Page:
With our hero pilot back and UAE and Saudi Arabia helping defuse tension, India must build on diplomatic gains
Now that Wing Commander Abhinandan Varthaman is back home after Pakistan, under tremendous international pressure, released him from captivity, let’s remember what he stands for. First, his extreme courage under fire. He is one of our airmen who chased back a fleet of hostile Pakistani jets when they crossed the LoC and the man who shot down a latest Pakistani F-16 with a vintage MiG-21. Second, his extreme alertness and presence of mind. Brought down by the Pakistani side, he followed his survival drill to a T, swallowing papers, junking other evidence in a pond, shooting at locals in self-defence before he was overpowered and roundly thrashed. Third, grace under pressure. As a true soldier, he held his own, revealing only his name and number and skillfully dodging mindgames by his captors. In short, his poise and dignity remind us how hereon we should pursue a path of equanimity. True, we have just about started a new fight against terror, and the deep strike into Pakistan to smash a Jaish base does not mean that our problems are over. In fact, they may have just begun, requiring us to be ever ready along the LoC. By attempting a “non-military, pre-emptive” strike on terrorist bases that plan bombings in India, we have opened a new path of staying way below the nuclear threshold and yet protect our national security. And with terrorists gone from the frontline, Pakistan will find new ways of provoking India. So with this paradigm shift, we have to be on the ball and extremely vigilant about a Pakistani offensive. We could do so without brashness and bluster, instead consolidate our diplomatic offensive and build on the gains made so far. In fact, it is the diplomatic isolation of Pakistan globally on the anti-terrorism plank that helped us get back Abhinandan in record time, considering the history of Indian PoWs in Pakistani captivity.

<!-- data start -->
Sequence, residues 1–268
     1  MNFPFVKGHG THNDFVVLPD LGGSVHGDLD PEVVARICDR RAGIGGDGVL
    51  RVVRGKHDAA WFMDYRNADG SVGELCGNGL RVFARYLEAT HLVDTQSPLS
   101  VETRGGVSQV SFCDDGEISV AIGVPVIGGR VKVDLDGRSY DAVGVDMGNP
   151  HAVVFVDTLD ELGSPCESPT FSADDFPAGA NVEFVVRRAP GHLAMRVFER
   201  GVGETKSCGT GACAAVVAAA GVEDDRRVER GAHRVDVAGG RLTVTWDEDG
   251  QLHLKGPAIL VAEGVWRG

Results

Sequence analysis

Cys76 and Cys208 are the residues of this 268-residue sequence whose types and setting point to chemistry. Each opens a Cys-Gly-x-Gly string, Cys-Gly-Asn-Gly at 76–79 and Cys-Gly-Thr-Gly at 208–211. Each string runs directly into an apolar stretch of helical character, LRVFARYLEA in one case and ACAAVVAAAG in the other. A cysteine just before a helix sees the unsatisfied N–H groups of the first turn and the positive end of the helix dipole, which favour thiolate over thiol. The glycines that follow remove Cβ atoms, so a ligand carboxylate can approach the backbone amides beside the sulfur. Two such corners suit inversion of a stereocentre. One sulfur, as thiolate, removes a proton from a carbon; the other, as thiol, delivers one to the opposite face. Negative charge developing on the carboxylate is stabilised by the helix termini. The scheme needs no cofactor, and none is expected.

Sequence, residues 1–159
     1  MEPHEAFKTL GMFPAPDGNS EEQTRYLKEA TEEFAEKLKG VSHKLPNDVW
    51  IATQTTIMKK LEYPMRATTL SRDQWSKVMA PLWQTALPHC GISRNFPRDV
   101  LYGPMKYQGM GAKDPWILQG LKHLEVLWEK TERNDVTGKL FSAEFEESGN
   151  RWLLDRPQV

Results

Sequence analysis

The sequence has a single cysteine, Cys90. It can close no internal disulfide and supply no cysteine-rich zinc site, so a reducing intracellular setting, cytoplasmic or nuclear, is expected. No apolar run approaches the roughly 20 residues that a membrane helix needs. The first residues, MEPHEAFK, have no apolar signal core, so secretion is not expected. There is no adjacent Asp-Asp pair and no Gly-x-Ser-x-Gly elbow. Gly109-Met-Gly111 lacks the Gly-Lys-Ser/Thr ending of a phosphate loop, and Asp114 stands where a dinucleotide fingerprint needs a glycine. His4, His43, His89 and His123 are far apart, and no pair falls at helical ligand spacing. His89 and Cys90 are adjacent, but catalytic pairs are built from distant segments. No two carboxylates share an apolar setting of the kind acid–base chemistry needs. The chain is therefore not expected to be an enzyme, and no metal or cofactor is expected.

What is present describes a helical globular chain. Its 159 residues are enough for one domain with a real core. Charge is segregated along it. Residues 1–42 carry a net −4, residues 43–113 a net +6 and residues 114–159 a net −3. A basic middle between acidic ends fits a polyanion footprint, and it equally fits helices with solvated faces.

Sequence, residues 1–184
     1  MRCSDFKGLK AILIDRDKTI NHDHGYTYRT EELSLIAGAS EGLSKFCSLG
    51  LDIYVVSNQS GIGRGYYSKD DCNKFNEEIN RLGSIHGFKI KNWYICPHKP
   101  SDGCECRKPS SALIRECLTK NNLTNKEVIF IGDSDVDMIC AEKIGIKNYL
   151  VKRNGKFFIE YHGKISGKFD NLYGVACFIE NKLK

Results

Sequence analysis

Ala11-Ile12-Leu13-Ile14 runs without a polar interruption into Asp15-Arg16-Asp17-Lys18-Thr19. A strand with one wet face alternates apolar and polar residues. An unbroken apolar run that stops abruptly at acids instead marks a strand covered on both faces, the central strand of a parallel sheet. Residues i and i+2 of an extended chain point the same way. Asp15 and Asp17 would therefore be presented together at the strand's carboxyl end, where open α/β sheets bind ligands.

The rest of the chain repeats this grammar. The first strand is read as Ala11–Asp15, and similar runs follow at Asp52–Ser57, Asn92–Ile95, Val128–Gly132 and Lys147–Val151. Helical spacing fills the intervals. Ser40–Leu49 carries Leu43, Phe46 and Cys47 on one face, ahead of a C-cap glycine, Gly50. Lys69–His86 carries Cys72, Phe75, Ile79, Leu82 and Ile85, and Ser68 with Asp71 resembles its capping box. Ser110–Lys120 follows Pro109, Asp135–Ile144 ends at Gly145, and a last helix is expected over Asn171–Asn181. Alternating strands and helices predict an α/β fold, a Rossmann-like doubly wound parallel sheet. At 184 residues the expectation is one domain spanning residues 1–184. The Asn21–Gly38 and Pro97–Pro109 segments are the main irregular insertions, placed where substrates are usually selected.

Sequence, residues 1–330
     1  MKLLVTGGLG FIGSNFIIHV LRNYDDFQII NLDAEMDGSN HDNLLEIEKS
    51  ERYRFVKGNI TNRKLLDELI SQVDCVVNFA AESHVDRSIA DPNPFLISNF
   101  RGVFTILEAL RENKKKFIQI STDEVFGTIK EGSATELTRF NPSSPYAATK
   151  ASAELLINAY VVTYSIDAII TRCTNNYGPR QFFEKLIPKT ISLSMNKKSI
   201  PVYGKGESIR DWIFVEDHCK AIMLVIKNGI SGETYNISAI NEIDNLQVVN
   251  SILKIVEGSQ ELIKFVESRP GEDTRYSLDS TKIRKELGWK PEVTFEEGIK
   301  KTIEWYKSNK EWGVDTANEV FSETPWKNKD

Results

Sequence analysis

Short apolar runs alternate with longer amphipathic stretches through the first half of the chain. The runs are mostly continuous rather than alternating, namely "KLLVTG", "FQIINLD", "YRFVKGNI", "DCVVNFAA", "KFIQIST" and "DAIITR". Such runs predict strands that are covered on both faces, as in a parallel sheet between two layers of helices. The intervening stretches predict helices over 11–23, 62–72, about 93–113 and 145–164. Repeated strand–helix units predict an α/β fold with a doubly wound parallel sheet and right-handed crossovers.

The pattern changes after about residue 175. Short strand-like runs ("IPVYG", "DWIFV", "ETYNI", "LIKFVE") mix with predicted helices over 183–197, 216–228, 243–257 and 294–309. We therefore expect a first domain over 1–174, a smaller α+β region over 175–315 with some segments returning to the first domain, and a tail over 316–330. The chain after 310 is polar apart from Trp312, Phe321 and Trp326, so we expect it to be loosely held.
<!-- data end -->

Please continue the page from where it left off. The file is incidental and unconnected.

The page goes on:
India should now continue to press its point home and reverse opinions. This is borne out by the fact that the Organisation of Islamic Countries (OIC) named us a chief guest and did not withdraw that status despite the airstrikes. This miffed Pakistan so much that it decided to stay away from its ongoing edition. Minister for External Affairs Sushma Swaraj, in her speech at OIC, highlighted that the fight against terrorism was not a confrontation against any religion. She even gave a conscience call to “tell the states who provide shelter and funding to terrorists, to dismantle the infrastructure of the terrorist camps.” An indirect reference to Pakistan. This space was unthinkable even last year when the OIC was uncomfortable about Army presence in Kashmir and easily fed on Pakistani propaganda. But countries like Bangladesh have been arguing for expanding the scope of OIC so that India could get observer status. India itself has been citing its Muslim population base as a marker of eligibility. A bigger coup is getting the support of Saudi Arabia and the UAE. While the West, led by the US, worked the lines with Pakistan to defuse tension along the LoC, it is the Saudis who played a crucial role in convincing Pakistan to simmer down and release Abhinandan. Although Saudi Arabia is a close ally of Pakistan and has its imperatives, it still sees India as a key market and acknowledges the contribution of our workforce to it. Saudi Arabia’s Crown Prince even rushed a minister to Islamabad with a key message. The UAE has emerged an ally, too, its Crown Prince stressing the “importance of dealing wisely with recent developments and giving priority to dialogue and communication.” And though China considers Pakistan an all-weather friend, even it did not want to risk India’s goodwill for fear of losing a stable trading partner given the US rebuff on that front. Its commonalities with us are bigger than differences. China’s Foreign Minister Wang Yi firmly told Pakistan that China “does not want to see acts that violate the norms of international relations.” If India spearheads the fight on terror in the region diplomatically and works for a consensus approach, it will give us bigger gains.
Saturday, 02 March 2019 | Pioneer
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